Islamic State executes doctors for refusing to treat injured Isis fighters in Mosul

Several Iraqi doctors have been executed by the extremist group Islamic State (Isis) after they refused to treat wounded IS fighters from the frontline. According to Rudaw news agency, doctors have been threatened with arrest and public flogging if they flatly refuse to work for IS. 

Hassan Fadel Allaf, director of Ibn Sina Teaching Hospital in Mosul, told a Rudaw reporter: "Dozens of doctors in the hospital were arrested and executed because they refused to go with Isis to their strongholds, and the fate of many of them is still unknown." 

At least 10 doctors from the al-Jimhuri hospital in Mosul have been arrested while a further four specialists have been executed. Hikmat Sultan, director of Al-Salam Public Emergency Hospital in Mosul, told a Kurdish journalist that he had been arrested and held for 20 days by IS back in early August. 

He said: "They also gave me 120 lashes because a number of other doctors and I refused to go to the district of Tal Afar to treat some of their militants." "I am in my fifties, and the physical and psychological pain I endured during the flogging by those militants was beyond imagination."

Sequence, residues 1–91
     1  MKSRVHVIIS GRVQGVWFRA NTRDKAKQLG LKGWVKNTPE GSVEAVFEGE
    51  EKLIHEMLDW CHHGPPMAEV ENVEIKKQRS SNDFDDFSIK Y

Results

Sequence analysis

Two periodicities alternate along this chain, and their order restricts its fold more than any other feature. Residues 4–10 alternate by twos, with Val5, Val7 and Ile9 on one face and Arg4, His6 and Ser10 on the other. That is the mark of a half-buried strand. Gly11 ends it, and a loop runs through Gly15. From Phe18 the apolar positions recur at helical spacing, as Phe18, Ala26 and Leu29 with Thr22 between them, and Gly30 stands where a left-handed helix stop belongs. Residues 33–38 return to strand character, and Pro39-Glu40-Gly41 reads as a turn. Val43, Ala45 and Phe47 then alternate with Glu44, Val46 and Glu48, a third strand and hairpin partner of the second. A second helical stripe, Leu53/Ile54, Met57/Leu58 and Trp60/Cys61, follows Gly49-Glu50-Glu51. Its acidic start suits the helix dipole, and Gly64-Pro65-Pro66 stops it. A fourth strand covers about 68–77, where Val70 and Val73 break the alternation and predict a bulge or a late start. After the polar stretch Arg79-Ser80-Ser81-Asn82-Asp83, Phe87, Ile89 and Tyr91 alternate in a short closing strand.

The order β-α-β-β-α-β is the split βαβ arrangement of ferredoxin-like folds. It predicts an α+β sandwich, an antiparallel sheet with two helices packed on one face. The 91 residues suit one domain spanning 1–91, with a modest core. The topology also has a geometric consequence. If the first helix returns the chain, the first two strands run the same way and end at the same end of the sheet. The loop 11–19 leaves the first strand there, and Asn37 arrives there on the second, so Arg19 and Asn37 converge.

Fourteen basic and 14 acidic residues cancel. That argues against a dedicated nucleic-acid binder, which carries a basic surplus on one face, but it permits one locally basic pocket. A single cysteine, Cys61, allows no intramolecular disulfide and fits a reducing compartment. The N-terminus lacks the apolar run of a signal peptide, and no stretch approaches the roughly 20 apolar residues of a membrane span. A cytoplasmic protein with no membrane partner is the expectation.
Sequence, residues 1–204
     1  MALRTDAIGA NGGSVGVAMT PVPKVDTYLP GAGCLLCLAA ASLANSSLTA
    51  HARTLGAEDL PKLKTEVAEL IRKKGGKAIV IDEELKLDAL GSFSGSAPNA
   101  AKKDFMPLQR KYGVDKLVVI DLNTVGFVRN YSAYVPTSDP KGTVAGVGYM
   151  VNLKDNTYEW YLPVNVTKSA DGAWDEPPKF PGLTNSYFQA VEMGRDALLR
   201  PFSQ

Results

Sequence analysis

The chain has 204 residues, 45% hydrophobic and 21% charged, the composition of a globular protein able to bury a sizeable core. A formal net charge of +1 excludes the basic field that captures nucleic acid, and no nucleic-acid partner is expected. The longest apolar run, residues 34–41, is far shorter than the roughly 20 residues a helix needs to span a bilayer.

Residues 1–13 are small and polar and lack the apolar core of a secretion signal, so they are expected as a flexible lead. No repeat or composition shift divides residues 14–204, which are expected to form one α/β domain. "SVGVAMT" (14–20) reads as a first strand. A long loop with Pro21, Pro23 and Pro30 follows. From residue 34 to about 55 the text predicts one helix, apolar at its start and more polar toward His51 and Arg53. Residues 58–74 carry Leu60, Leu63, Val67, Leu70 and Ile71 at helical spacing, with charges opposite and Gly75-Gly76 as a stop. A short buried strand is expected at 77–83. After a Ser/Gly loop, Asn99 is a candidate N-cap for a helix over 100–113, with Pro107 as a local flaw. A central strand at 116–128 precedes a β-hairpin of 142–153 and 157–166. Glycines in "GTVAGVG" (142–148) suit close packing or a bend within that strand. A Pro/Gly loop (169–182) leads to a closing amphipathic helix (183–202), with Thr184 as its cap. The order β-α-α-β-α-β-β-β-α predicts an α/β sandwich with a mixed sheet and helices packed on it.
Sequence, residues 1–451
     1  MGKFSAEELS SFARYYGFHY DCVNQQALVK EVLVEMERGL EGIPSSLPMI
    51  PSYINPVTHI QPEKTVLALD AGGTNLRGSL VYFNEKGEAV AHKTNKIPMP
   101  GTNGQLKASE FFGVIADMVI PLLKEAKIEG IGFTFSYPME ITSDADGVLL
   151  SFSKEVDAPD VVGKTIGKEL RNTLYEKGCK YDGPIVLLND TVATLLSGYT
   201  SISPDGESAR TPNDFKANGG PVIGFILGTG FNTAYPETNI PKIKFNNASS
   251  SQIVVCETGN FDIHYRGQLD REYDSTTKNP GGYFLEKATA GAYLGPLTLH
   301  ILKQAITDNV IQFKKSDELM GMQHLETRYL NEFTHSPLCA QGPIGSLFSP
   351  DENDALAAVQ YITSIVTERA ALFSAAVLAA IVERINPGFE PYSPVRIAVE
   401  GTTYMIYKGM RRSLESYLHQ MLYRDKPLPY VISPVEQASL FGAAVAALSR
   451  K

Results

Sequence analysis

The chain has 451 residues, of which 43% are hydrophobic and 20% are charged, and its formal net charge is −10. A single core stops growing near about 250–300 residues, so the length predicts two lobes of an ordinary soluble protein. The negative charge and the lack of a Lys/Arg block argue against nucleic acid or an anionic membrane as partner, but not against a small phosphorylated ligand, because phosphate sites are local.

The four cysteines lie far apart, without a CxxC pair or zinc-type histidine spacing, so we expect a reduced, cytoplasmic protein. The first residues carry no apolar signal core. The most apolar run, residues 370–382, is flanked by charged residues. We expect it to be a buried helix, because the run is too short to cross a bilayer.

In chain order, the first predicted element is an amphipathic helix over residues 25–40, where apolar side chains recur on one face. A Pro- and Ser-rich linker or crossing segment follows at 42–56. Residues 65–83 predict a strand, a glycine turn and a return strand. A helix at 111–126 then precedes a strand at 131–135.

Warqa Fadil, a female GP in Mosul, said that she has chosen to offer to work for IS out of fear for her life. She said: "I am forced to obey the radicals and go out with them at any time or place. I am afraid for my safety and the future of my four children who are studying in Mosul University." 

According to one female jihadi living under IS in Syrian city Tabqah, the militants have set up an all-female staffed hospital, designed to allow healthcare segregation in Raqqa. However, the lack of qualified medical personnel has become a major problem for IS. 

The female jihadi, known as Bird of Jannah on social media, recently tweeted for people with medical related degrees to get in contact. She wrote recently: "Any Muhajirah with diploma or degree in nursing, radiography, lab tech, or anything has to do with medicine." 

By Thomas Wyke

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